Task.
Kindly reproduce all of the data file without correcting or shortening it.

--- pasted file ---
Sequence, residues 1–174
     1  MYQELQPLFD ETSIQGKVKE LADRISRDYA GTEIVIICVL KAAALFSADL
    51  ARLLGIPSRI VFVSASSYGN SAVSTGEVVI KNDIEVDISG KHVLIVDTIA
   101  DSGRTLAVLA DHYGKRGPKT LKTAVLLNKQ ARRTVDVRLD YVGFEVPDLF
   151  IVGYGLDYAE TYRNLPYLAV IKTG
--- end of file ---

Sequence, residues 1–174
     1  MYQELQPLFD ETSIQGKVKE LADRISRDYA GTEIVIICVL KAAALFSADL
    51  ARLLGIPSRI VFVSASSYGN SAVSTGEVVI KNDIEVDISG KHVLIVDTIA
   101  DSGRTLAVLA DHYGKRGPKT LKTAVLLNKQ ARRTVDVRLD YVGFEVPDLF
   151  IVGYGLDYAE TYRNLPYLAV IKTG